That same year, the historic Native Rose Hotel in Rozelle – a 140-year-old pub – shut down after incessant noise complaints from one neighbour relating to its beer garden.

Around the same time, the Royal Hotel in Paddington was ordered to invest heavily in additional soundproofing after complaints from residents about noise.

In 2021, Inner West Council was forced to introduce extraordinary measures to protect the acclaimed Enmore Theatre from noise complaints relating to the 110-year-old venue, designating the entire suburb as an entertainment precinct.

In 2019, several well-known pubs across Sydney – some of which have been serving punters for the better part of 100 years – were ordered to shut down their rooftop and outdoor areas.

A handful of complaints from neighbours, most of whom had moved into brand-new apartments near the venues, had prompted local councils to issue the heavy-handed bans.

Kings Cross Hotel in Darlinghurst, The Royal Oak in Double Bay, The Marlborough in Newtown and Moore Park View Hotel in Moore Park were among those affected.

That same year, City of Sydney Council slapped Darlinghurst pub Black Bottle with a breach for hosting pétanque – a French game similar to lawn bowls played with metal balls – in its car park.

“Apparently the ‘metal balls clanking’ were disturbing the neighbours in the already ghastly neighbourhood,” the pub wrote on Facebook at the time.”

Just down the road around the same time, Japanese-inspired bar and restaurant Goro’s was told by authorities that hanging a mirror ball could result in harsh penalties.

In 2017, a gig in Kings Cross held in conjunction with the annual Vivid Festival was shut down at 9.30pm by police after a complaint from a neighbour.

That same year, owners of Enmore venue Hideaway Bar were dismayed to receive a warning by police over a noise complaint made at 7pm on a Saturday night.

Mr Levinson said history – and this week’s events – show Sydney clearly has a problem.

“What we need is clear objective requirements for sound, which would protect both venues and the community around them, backed with standard statewide policies for assessment,” he said.

“This would let us set criteria that align with the current or future strategic intent of an area, considering sound from venues and activity in public space.

“State-supported guidance could also extend to best practice for mitigating sound from venues and design of surrounding development.”

The race to save Sydney’s vibrancy

In October last year, the New South Wales Government moved to repeal what it called “nanny state laws” covering live music venues and pubs.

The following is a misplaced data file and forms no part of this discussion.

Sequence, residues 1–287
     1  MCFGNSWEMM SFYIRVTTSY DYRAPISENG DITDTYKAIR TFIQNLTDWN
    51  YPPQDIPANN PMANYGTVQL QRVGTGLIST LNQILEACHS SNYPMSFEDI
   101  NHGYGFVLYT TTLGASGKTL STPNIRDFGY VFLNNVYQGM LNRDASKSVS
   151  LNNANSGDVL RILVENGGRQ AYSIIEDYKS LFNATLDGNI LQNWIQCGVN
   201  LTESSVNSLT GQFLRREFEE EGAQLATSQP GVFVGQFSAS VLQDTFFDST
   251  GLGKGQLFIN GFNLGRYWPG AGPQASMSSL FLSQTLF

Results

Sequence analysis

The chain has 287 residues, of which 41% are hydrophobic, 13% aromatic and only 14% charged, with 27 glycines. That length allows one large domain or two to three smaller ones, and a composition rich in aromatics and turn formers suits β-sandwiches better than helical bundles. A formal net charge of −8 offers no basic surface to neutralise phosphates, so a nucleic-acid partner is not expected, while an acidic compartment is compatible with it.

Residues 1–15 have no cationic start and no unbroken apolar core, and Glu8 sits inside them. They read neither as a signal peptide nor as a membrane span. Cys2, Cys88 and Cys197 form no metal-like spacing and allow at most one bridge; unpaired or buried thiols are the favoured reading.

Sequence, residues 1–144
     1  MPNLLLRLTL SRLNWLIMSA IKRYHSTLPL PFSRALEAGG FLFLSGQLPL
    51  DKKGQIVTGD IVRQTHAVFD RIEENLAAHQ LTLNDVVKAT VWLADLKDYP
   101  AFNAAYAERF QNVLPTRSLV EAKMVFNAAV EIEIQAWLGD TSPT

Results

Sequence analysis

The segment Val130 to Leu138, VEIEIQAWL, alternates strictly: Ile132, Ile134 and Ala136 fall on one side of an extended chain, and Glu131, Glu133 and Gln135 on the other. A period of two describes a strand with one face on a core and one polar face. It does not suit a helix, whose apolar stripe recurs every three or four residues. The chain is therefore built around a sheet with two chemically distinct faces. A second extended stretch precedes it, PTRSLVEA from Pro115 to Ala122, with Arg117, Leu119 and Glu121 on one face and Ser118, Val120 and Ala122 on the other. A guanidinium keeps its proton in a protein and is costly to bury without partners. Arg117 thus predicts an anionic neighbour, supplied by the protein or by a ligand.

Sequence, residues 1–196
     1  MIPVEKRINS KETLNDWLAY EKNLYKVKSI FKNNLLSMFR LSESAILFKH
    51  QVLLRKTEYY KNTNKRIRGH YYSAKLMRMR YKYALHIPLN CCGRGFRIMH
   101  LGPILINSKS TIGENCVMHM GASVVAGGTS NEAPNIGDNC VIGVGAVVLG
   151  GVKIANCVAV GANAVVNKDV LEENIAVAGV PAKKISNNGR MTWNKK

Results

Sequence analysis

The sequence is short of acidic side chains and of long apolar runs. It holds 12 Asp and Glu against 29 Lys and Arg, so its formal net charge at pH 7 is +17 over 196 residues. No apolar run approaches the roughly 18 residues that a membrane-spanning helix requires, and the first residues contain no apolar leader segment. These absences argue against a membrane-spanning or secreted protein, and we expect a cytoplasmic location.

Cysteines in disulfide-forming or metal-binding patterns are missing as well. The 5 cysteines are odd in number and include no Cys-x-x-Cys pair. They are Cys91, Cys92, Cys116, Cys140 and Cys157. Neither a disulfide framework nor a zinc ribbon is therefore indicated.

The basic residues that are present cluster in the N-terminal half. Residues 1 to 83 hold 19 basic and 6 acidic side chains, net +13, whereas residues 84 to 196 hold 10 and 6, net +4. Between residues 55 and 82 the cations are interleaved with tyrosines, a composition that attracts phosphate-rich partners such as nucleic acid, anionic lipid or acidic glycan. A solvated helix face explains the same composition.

The changes made it easier for clubs and hotels to host events and harder for noise complaints to shut them down.

Premier Chris Minns also announced new “order of occupancy” rules, meaning existing venues can’t be hit by new neighbours’ complaints “because all of a sudden they don’t like to have noise in the evening”.

“It’s another step in removing the nanny state restrictions, the red tape, that have really stifled the vibrancy, the life and the fun out of Sydney for the last 10 years,” Mr Minns said at the time.

“We will no longer allow just a single noise complaint to close down live music venues right across NSW.

“It’s not just there for the enjoyment of people in the local community. It’s a magnet for those who live and work in Sydney and also for people who want to visit our great city.”

The first round of the Vibrancy Reforms, which passed the parliament in November, offer direct support to operators to launch and grow local music, with cost relief focus that includes an 80 per cent cut in annual liquor licence fee.

Streamlined approval processes for licences and a “commonsense” approach to noise complaints is also providing certainty and confidence, the government said.

Under the previous government, seven different agencies had oversight of entertainment noise complaints, meaning just one neighbour could force the closure of a venue.

Now, Liquor and Gaming NSW is the lead body that manages noise complaints targeting licensed venues.

“The government’s taking a sensible approach, creating a one-stop shop to replace the current smorgasbord of up to seven regulatory bodies involved in dealing with noise complaints,” Mr Levinson said.

“We need to maintain the focus on reform upstream to make sure great proposals that have support of the wider community aren’t stopped by a vocal minority at the planning stage.”

In an interview with last month, Mr Minns pledged to continue “working incredibly hard to ensure we’re protecting venues, particularly venues that draw a lot of people”.

Since March last year, 112 pubs, clubs and other establishments have been added to the list of venues eligible for two hours of extended trading in return for staging live music events.

On Wednesday, Mr Minns said he’d meet with owners of The Joey because the decision to oppose their extension application, which he described as “troubling”, was “the opposite” of his vision for Sydney.